Despite being a difficult topic to discuss, it seems abortion has been on everyone’s minds. In light of the Irish referendum, the recent action of Ealing council bears more significance than ever. The council passed a Public Spaces Protection Order (PSPO) on April 10, after much campaigning by Rupa Huq MP, which bans pro-life activists from protesting outside the Marie Stopes abortion clinic. The consequences of this could be major, on both a small and large scale.

The argument here is not pro-life versus pro-choice. It is simply an argument of harassment. It is widely known, and strangely until now unchallenged, that anti-abortion protesters gather outside abortion clinics to shout profanities at those attempting to visit the centre. While the Good Council Network, which hosts ‘vigils’ outside the abortion clinic, has denied any wrongdoing, more than 300 people have reported to the council that the protestors were ‘intimidating and harassing’. While it could be claimed that the implementation of this ‘safe zone’ infringes upon the right to free speech and protest, there is a line between speaking your mind and persecuting those who stand in opposition.

Unlike many places in the world, I am proud to live in a country which provides women with the options they need. The unanimous vote of the council to implement the safe zone is heartening, but also raises the question: why haven’t all councils taken this action? While Ealing is a step in the right direction, for it to be effective would require a domino effect. Many women, as a result of the safe zone, will be saved from unnecessary distress, but in order to make a real difference the rest of the country must follow suit.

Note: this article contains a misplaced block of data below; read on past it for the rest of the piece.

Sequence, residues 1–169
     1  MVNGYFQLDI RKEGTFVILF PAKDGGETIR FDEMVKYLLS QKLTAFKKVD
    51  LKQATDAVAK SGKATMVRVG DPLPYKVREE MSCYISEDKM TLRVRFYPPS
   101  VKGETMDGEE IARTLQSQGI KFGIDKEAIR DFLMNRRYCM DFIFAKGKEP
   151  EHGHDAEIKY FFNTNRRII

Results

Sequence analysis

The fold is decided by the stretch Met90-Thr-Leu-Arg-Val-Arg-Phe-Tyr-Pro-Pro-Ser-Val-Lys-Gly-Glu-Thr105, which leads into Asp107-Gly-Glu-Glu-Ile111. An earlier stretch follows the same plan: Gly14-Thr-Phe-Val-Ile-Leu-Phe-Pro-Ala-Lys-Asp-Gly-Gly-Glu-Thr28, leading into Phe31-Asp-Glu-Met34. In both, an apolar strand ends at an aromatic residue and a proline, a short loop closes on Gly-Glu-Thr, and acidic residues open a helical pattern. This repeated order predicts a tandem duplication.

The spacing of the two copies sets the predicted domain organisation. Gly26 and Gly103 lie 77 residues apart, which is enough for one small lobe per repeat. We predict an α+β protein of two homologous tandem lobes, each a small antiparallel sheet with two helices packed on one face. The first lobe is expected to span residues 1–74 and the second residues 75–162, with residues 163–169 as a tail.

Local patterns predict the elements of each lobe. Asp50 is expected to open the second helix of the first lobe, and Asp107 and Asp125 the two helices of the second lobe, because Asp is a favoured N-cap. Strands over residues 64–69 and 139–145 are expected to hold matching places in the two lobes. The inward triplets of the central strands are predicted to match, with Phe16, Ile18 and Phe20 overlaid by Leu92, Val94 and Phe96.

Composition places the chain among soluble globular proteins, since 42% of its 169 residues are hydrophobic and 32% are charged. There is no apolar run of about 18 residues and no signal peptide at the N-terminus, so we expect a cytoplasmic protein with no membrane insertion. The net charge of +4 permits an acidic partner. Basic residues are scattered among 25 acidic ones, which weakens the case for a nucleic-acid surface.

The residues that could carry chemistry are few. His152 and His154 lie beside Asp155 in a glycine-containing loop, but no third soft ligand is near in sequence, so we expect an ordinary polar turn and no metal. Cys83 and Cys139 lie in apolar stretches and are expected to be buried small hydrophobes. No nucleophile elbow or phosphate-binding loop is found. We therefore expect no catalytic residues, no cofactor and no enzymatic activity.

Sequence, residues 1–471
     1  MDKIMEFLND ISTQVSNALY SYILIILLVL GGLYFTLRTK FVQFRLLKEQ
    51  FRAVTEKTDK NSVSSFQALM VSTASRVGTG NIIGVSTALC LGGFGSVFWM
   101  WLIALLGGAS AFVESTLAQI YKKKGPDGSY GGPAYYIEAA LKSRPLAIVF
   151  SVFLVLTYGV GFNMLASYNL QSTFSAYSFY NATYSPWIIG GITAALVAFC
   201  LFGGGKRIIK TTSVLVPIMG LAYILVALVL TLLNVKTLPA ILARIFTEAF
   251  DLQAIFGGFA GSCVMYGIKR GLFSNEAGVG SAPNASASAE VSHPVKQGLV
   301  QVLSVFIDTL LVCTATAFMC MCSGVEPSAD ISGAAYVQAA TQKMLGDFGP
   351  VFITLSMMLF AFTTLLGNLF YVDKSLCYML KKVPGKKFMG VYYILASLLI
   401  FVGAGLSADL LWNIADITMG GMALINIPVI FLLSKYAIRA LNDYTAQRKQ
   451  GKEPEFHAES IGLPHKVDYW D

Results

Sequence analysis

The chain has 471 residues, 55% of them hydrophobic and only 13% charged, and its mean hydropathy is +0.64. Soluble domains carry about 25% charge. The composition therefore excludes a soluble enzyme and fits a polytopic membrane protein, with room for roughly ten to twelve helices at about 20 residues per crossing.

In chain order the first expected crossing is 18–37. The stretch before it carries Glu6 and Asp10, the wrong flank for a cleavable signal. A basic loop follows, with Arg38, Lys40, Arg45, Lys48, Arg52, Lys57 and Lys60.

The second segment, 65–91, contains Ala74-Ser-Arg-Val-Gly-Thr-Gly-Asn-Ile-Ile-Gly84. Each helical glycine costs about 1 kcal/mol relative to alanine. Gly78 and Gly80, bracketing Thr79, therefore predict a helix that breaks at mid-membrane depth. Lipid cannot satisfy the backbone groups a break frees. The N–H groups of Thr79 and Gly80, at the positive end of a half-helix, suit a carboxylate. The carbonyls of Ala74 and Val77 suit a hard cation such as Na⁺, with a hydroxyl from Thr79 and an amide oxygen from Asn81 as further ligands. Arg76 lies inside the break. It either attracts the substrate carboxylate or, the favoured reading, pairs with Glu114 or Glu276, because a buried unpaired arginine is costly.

Whether you believe abortion is wrong, or you support a women’s right to choose, there is no excuse for the behaviour of these activists. I am always in full support of debate and speaking out, but there is a difference between expressing your views and punishing people, who in this case are likely to already be distressed, because they disagree. To tell a vulnerable woman she will ‘be haunted by her baby’ and that ‘God will punish you’, as was once overheard by staff, is simply inexcusable.

I fully commend Ealing council for their actions and I hope others will take notice, and subsequently action. The fact that this kind of behaviour is ongoing shocks me, but I have high hopes for a future in which women are more adequately supported.